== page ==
Frank Steiner, Jr.’s Momentum contains five compositions which provide listeners with over fifty minutes of introspection and compelling music. Beginning with the ten-plus minute composition “To Fill the Sky,” his effort starts off with a sedate, twinkling set of arrangements that add disparate elements before gradually gaining tempo, creating something that sits at the precipice of American folk, jazz, and new age music. A narrative is present during this opening that far outstrips vocal music; listeners can take the rising and falling actions as part of an epic journey that contains innumerable stimuli; the track possesses bright and dark elements before Steiner moves to his next work.
“Swimming with Delphin” is a similarly deep and intricate set of arrangements that shift and change just enough to establish a theme that matches the titular action well. Listeners will be sent on a journey through synth and vocal elements. The track picks up and elicits comparisons to schools of fish and larger aquatic animals flittering by.
“Tigam Enome” bridges the gap between classical and current styles of music. The raw passion and emotionality of Steiner’s arrangements are given further depth through the inclusion of vocals. While the track stands out, “Tigam Enome” is threaded through by the same thematic elements that have been presented throughout the entire title.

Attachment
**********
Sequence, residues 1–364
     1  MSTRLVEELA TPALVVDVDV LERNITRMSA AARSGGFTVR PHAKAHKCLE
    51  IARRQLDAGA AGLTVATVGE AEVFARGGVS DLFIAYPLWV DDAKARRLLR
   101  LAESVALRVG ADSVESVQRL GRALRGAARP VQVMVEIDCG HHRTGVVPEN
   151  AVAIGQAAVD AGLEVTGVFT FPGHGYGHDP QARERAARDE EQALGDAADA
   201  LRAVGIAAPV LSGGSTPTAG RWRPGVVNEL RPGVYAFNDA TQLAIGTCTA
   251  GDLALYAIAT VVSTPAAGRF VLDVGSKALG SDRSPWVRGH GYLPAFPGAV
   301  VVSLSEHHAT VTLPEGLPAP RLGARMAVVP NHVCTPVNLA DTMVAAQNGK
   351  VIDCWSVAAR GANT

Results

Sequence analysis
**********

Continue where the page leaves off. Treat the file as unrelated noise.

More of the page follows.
Momentum concludes with “Out There” and “Epiphany,” two tracks that unite despite possessing wholly different foundations. “Out There” has a flair for more Latin elements even as a nod to modern electronic artists like Kraftwerk and Klaus Schulze can be discerned, while “Epiphany” provides an emphatic ending to the album as well as a pulling back of the veil concerning where Steiner may take listeners on later releases.
Top Tracks: “Swimming with Delphin,” “To Fill the Sky”